I broke into the business many years ago, and the process has changed . . . a lot! Here are my suggestions for how to go about pursuing a career in voiceover (VO) now:
Susan Bennett recording in studio
Reading Skills are essential, and taking any kind of acting class or voice coaching would be beneficial. There are two types of VO performances: announcers (commercial tags, news, messaging); and actors, who tell the story in commercials, etc. Any kind of reading practice will be helpful, so read as much as you can, and record yourself if possible. That should give you a sense of whether VO is something you should try to pursue. Taking an improv class would help in every way, because VO is basically acting for the voice, and learning to think on your feet will help you in any situation, whether you pursue a career in voiceover or something else entirely!
Find a Local Voice Coach. Look on the web, call recording studios, and/or talent agents to find one who’s right for you and can help you put together a demo, a :60 mp3. Many of you have said you’d like to be a cartoon, but instead start with a demo of you, as you . . . your voice print, as it were. Make a commercial demo first, then branch out into character voices, IVR, narration, etc.
Auditions are the way you get work! Almost all VO work today is cast through auditions, so it’s important for you to get comfortable with that. You can sign onto VO websites like Voice123 and Voices.com. You’ll receive tons of auditions, so you can practice. You might also consider reading for the blind, or doing other volunteer projects for which you can utilize your voice and reading skills.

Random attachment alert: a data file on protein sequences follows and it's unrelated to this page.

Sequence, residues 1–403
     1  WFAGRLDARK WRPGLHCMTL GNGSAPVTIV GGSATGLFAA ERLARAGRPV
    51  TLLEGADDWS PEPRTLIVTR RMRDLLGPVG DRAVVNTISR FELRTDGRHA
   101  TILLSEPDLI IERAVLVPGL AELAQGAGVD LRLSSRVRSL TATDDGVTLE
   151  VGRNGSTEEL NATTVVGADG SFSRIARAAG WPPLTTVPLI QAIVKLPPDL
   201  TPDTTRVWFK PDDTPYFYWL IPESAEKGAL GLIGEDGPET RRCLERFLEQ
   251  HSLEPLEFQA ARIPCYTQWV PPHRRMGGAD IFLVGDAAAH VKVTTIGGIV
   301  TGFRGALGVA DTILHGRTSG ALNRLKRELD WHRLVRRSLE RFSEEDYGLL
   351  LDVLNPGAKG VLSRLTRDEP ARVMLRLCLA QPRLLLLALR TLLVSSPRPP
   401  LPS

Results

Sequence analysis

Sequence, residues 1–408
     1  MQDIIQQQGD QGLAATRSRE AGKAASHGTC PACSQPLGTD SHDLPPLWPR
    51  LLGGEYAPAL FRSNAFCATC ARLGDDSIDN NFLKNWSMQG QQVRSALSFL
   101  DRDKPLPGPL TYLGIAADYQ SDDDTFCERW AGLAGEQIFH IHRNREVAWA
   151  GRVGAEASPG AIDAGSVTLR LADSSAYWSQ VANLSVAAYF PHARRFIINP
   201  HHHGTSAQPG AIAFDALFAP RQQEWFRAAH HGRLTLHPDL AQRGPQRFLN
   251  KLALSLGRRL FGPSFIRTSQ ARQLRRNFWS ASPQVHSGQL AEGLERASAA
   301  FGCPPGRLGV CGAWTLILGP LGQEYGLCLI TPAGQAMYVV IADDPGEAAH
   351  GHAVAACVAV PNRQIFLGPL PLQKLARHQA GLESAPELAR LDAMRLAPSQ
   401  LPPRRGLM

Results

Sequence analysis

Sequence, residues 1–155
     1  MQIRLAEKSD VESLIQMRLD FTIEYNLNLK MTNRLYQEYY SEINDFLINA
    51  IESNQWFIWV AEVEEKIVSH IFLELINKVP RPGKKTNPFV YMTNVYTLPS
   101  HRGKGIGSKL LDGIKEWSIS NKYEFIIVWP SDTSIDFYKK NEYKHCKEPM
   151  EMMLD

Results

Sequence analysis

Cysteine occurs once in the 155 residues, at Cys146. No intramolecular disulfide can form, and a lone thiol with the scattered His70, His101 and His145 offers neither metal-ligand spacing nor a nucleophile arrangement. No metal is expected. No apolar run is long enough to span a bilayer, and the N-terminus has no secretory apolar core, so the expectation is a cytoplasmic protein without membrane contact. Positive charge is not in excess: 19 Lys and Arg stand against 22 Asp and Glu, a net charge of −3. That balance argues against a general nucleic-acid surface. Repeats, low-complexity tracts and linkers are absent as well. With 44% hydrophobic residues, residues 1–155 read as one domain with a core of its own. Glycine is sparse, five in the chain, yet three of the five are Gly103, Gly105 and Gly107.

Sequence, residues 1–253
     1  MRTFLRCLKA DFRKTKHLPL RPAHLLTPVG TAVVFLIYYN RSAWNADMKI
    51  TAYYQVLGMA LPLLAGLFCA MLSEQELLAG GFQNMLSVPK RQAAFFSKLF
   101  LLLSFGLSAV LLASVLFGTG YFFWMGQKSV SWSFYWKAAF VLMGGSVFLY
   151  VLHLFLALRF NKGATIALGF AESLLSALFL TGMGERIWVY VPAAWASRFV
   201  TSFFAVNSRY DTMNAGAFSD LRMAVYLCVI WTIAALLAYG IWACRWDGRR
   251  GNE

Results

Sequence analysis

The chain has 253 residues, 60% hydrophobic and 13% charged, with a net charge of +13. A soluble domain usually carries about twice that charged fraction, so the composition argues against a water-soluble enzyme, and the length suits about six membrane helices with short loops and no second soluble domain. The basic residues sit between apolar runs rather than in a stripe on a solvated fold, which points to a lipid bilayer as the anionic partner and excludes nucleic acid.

Professional Sound. This can be tough if you’re a novice, but look on the web for inexpensive equipment. It’s important that you sound professional, which means you need a good mic at the very least. Actually, you can do a lot with your smartphone, MixerFace (a recording interface for smartphones), and a good microphone.
Use the Web. Today’s trend in VO is to sound natural. Even announcers today are often asked to sound less announcery! Use the web to help you. Practice with different commercials, and take advantage of the many coaching and instructional videos out there.
Remember that VO is a skill! It’s not enough just to have a good voice. You have to learn the tricks of the trade so you can be confident when you start to compete for VO work.
Check out Dee Bradley Baker’s site, www.IWantToBeAVoiceActor.com as well. He’s got a lot of good advice for all levels of VO experience.
Good luck! A career in voiceovers is a lot of fun!